Let’s Cut to the Chase
This idea really did come to life on a bar napkin at a local watering hole. I scribbled my ideas and shared them with a friend of mine, James Brozek of Norfolk. I had one simple goal – to create the best tasting spirits that I could, beating premium spirits in blind taste tests, yet maintain an affordable price for the customer. So in the fall of 2009, my partner and I started Cooper’s Chase Vodka. We believe the quality of the locally grown grain and the pure clean groundwater gives our products a huge advantage. Most of the work is done by family members who give that “little extra” to make products worthy of having our Cooper’s Chase logo placed on them. After a couple years, my partner retired, and I became the sole owner. His legacy will always be the foundation of the distillery. Cooper’s Chase, which is Nebraska’s first federal and state licensed distillery.
In the winter of 2014, we updated our logo to depict my day job – I’m involved in the cattle business. At Cooper’s Chase, we pride ourselves being accessible to our customers. Visiting all parts of the Midwest, hands on with customers is what we enjoy the most. Simply placing a bottle on a store shelf doesn’t mean it will sell, we have to tell our story everyday. We cover over 400 miles a week but we truly believe that our customers are gained one bottle at a time. Cooper’s Chase is very proud of our loyal customers. They inspire us in every decision that is made for the company. New products are in the works – we can’t wait to share them with you – but patience is a must in the distilling business. It has to meet our high standards before Cooper’s Chase will it on the shelf or in your liquor cabinet.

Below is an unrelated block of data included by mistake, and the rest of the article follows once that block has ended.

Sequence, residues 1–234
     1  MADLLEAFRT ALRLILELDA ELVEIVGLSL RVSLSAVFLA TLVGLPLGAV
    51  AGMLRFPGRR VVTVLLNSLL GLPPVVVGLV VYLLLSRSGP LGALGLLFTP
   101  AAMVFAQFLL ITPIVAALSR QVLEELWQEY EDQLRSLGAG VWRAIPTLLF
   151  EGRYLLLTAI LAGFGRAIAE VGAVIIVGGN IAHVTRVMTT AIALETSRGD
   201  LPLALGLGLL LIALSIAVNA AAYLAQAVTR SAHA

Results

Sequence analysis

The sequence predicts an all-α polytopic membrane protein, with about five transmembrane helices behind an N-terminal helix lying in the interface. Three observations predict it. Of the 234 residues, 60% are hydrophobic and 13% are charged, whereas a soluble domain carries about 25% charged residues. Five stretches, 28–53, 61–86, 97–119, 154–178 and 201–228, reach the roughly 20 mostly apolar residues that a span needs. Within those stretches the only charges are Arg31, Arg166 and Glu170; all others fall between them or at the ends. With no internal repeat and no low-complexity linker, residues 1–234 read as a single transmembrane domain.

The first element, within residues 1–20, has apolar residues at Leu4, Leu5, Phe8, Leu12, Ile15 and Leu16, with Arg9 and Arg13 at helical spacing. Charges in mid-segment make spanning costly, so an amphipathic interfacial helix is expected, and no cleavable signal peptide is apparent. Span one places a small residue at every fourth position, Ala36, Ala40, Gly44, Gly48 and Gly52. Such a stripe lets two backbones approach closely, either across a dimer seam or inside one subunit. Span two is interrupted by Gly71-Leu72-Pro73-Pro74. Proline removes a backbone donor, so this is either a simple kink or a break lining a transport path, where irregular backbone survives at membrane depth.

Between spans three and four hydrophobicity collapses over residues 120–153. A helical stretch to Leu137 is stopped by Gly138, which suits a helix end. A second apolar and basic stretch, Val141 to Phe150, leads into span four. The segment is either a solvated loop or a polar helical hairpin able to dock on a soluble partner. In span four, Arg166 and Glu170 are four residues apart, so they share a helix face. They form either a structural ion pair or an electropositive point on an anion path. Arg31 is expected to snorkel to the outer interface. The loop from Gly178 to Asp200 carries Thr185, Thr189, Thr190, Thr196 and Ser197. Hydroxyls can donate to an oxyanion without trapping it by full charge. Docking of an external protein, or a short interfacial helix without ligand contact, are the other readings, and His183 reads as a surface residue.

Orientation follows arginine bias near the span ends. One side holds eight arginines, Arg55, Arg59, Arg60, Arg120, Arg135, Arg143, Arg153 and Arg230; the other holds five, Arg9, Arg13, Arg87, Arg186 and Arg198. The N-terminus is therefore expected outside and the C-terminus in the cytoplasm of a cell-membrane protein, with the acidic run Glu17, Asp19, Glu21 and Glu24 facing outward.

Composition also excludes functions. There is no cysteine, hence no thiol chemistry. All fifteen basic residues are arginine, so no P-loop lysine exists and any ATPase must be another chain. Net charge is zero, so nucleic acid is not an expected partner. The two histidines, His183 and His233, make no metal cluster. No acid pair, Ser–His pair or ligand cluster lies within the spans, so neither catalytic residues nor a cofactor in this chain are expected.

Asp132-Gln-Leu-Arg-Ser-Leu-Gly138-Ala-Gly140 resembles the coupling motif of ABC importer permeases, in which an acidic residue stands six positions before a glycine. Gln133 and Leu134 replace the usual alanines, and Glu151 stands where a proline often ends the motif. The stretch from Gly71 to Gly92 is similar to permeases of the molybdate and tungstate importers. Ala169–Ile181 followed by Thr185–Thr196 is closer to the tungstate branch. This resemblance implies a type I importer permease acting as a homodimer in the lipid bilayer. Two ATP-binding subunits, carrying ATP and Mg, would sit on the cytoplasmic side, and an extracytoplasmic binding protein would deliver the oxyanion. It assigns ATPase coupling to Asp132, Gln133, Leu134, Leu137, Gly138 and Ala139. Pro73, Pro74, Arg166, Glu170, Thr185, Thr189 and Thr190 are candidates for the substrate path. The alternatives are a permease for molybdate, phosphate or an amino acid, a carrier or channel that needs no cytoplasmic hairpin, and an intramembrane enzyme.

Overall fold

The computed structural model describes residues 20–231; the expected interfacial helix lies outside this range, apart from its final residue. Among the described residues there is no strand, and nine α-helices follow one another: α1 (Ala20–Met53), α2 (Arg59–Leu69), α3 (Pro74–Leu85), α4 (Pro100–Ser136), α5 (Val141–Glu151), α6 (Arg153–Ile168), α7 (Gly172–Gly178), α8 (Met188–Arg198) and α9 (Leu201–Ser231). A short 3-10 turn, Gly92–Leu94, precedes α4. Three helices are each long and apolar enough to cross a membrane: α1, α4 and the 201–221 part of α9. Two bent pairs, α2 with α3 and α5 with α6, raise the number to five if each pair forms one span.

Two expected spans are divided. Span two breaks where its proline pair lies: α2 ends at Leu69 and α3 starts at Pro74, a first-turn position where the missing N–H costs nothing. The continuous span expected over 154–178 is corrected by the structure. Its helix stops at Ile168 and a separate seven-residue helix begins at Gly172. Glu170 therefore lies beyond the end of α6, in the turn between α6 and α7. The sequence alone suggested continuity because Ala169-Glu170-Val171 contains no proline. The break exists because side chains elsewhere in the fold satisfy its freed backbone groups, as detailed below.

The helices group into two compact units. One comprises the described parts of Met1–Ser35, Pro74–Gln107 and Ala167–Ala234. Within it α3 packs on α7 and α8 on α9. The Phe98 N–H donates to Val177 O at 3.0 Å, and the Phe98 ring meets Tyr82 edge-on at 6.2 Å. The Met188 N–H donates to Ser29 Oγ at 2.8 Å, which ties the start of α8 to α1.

Cooper’s Chase distillery is located my farm southeast of West Point – in one of the greatest grain-growing regions of the world. And a good grain is the essence of good spirits. The equipment required for this kind of venture is not easily obtained, and when found, is fairly expensive. Using good old Nebraska ingenuity, we have built most of our equipment. One example of this is a one hundred gallon still, which I call a “hybrid”. It has the look of a pot still, but can function equally as well as a column still. A pot still is generally used to produce whiskey, brandy, and bourbons that must retain much of the original mash flavor, where as a column still is used to produce grain spirits, such as vodka and gin, where a higher percentage of alcohol is required during distillation.